u The option provides detailed information about each process.

x option will list all processes when used together a the option.

To show a process tree:

ps axjf | less

To show information about threads, use:

ps -eLf | less
ps axms | less

To see each process running as root in user format, use:

ps -U root -u root u

To show only the process ID of syslogd, use:

ps -C syslogd -o pid=

To show only the name of PID 411, use:

ps -q 411 -o comm=

The above examples are man ps,

5. Using bash script.

A bash script is a plain-text file that contains a series of commands. These are the commands we usually type in the command-line (ie, rsync ... either cp ...), but would like to save time by not typing commands manually every time, or, we would like to schedule those commands to be run later using cron.

To create a bash script, place #!/bin/bash at the top of the file. Here’s a simple bash script to run a backup:

rsync -avze ssh /path/to/directory1/ user@IP_or_hostname:/remote/backup/directory1/
echo "Remote backup for $(date) " | mail -s "backup complete" user@youremail

Once you type or paste it into a new file, you can save it as In this case, Then, change the permissions of the file to make it executable:

chmod +x

To execute/run the script from the current directory, you type:


Or you can schedule a bash script to be run using corn, as discussed in the next section.

See more Ubuntu’s Beginner Bashscripting,

6. cron – Schedule scheduled tasks to run.

cron Daemon is a built-in Linux tool that periodically runs scheduled tasks (commands or shell scripts) at certain times, dates or intervals. Sysadmins typically use cron to automate system maintenance and administration tasks. For example, by using cron to run rsync At night.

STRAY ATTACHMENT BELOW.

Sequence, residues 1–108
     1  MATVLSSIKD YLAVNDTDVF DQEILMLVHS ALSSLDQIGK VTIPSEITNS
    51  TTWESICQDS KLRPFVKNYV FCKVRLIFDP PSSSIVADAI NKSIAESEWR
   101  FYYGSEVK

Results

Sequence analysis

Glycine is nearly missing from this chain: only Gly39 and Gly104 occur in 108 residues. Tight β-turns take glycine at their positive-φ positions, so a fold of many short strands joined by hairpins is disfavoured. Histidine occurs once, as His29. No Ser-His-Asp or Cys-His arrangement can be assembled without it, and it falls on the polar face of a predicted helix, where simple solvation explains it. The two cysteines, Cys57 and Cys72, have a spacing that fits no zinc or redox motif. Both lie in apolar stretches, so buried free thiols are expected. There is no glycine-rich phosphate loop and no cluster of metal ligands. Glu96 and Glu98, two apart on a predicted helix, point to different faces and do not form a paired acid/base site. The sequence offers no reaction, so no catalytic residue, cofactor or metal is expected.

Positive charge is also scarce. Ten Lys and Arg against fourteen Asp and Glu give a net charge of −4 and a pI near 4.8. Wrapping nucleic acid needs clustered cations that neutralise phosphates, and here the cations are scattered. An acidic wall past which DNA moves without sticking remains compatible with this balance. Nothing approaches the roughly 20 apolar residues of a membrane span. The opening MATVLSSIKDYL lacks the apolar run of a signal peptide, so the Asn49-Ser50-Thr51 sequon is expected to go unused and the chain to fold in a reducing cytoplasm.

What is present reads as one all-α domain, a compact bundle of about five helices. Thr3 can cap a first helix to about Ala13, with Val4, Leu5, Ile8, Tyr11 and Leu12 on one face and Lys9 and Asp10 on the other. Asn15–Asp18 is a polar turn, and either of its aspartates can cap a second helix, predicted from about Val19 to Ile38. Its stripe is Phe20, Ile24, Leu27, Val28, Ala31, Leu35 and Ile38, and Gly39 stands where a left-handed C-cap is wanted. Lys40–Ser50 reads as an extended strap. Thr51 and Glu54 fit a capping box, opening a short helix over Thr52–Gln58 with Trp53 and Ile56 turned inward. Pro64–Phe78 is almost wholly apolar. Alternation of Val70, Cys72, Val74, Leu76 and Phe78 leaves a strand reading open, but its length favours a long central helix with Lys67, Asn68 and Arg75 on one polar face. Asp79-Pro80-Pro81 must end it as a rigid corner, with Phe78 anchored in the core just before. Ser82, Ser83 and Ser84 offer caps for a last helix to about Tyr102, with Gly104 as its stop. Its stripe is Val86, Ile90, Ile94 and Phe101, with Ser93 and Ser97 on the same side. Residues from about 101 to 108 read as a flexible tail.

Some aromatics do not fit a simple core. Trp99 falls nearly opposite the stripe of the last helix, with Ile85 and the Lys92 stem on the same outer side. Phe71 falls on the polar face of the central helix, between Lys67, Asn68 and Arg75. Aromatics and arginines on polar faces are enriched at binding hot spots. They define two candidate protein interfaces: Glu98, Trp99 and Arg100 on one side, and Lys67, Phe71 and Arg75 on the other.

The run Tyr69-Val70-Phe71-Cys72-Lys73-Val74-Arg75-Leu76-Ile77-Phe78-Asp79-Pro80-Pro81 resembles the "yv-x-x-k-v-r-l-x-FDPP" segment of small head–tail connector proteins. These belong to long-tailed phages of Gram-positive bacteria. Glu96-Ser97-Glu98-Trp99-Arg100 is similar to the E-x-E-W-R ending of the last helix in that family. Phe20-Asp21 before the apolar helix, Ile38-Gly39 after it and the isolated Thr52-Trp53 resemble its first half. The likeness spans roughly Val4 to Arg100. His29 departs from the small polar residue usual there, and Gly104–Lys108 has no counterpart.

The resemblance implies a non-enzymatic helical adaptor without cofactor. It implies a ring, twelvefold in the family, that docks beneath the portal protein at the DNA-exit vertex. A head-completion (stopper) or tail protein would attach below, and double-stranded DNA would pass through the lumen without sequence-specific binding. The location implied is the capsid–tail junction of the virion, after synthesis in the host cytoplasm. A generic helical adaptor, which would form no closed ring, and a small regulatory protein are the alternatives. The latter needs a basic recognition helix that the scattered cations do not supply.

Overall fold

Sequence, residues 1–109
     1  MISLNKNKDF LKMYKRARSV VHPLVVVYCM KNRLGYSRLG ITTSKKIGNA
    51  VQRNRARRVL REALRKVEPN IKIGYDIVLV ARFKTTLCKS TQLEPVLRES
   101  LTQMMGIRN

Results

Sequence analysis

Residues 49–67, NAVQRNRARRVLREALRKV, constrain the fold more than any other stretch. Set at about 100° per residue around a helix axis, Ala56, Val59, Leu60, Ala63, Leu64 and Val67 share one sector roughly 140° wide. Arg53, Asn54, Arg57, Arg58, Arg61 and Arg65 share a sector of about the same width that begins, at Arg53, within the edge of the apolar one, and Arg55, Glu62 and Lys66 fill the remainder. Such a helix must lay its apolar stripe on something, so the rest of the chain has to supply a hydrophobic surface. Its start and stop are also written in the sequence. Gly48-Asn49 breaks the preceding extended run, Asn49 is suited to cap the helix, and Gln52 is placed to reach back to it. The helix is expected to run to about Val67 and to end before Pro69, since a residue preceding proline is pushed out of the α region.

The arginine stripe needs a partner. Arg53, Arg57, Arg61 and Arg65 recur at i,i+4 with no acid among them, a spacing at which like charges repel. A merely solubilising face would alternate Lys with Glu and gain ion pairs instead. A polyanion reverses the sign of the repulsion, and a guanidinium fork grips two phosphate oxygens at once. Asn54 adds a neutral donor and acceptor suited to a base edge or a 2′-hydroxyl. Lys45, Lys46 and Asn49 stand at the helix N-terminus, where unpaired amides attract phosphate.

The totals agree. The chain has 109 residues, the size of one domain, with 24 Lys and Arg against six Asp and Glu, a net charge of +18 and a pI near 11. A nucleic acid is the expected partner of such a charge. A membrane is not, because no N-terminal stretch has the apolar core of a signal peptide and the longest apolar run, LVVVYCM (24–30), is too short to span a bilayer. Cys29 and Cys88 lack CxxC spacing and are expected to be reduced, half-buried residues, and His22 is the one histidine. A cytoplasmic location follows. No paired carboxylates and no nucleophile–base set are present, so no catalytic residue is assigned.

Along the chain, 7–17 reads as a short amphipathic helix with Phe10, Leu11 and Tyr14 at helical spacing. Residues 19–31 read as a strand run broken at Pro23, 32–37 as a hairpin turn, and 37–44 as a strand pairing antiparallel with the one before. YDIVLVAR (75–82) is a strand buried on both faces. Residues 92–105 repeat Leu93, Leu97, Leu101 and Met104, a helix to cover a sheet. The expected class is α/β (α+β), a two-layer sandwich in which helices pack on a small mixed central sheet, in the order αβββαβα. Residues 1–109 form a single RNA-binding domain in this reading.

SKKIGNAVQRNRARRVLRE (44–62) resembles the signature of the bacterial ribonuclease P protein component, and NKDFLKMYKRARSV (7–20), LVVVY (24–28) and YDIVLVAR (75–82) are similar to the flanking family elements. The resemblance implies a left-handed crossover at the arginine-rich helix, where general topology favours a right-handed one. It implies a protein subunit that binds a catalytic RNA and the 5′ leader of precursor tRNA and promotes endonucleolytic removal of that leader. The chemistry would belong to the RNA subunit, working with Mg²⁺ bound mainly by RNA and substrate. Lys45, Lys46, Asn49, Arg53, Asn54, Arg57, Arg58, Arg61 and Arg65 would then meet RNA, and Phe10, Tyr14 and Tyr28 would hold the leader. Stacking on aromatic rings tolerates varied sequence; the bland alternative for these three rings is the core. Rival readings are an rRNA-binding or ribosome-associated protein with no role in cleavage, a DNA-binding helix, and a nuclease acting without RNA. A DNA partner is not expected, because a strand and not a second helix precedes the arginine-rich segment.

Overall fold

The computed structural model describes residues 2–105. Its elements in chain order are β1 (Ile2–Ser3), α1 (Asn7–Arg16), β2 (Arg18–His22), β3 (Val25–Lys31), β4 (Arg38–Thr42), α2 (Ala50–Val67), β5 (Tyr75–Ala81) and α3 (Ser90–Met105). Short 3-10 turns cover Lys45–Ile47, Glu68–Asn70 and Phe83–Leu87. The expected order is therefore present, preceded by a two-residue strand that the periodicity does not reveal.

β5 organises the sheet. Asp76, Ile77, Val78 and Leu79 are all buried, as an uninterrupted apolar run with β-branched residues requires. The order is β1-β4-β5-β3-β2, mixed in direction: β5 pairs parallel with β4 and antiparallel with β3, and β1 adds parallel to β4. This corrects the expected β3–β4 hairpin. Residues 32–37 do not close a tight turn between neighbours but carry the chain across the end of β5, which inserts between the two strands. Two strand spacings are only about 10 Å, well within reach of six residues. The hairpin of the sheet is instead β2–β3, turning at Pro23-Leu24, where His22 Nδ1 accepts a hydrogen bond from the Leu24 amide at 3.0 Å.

Here a. is an example of cron A single-line entry is used to run the backup script every night at 2 o’clock:

0 2 * * * ~/myscripts/

To get started, read cron setup guide created by Ubuntu And red hat more references cron man page, there are also online cron expression generator,

7. nmcli – Network Management.

NetworkManager is a set of tools to manage network connectivity on your Linux system. It works for wired, wireless, and even Bluetooth connections.

To show all available network devices use:

nmcli d

for example:


Red Hat has published a great to networking guide nmcli,

8. ping – Send ICMP ECHO_REQUEST to the network host.

ping (packet internet grouper) command is used to check network connectivity between server and other host. You can enter the IP address or URL, and the ping command then sends a data packet to the specified address with a “ping” message and waits for a response from the destination server/host. The time taken to receive this response package is reported. This time is called latency. Low-latency = faster connection response.

ping [hostname/ip]

for example:

ping example

Use -c Flag to specify the number of ping packets to send. for example:

ping -c 5 IP_ADDRESS

9. traceroute – Verifies route packets are routed to a specified host.

traceroute Checks the route that the packet takes to reach a specified host. It uses the Time-to-Live (TTL) field of the IP protocol and tries to receive an ICMP TIME_EXCEEDED response from each gateway along the path to the host. (Source: man tracer) traceroute network latency can help find the source of delays, outages and other network routing issues.

tracer example

Also, have a look mtr (my tracer),

10. nslookup – Interactively query Internet Name Servers (NS).

nslookup (Name Server Lookup) is a command used to collect information from the Domain Name System (DNS). with nslookupsysadmins can query domain name or IP address information.

To view the A record for a domain, use:


To find the authoritative server of a domain to see its NS records, use:

nslookup -type=ns

To view the MX records for a domain, use:

nslookup -query=mx

To see the SOA (beginning of authority) of a domain, use:

nslookup -query=soa

To show a list of DNS records for a domain, use:

nslookup -type=any

To see the rDNS (reverse DNS) of a domain, use:

nslookup [domain_IP]

See also, host And dig Command.

Additional Tip: check out To match command-line arguments with their help text.

that’s it for now. I hope you enjoy part 3. share please, to subscribeBookmark, and leave any comments or suggestions you may have.

Next – Linux Commands Frequently Used by Linux Sysadmins – Part 4 >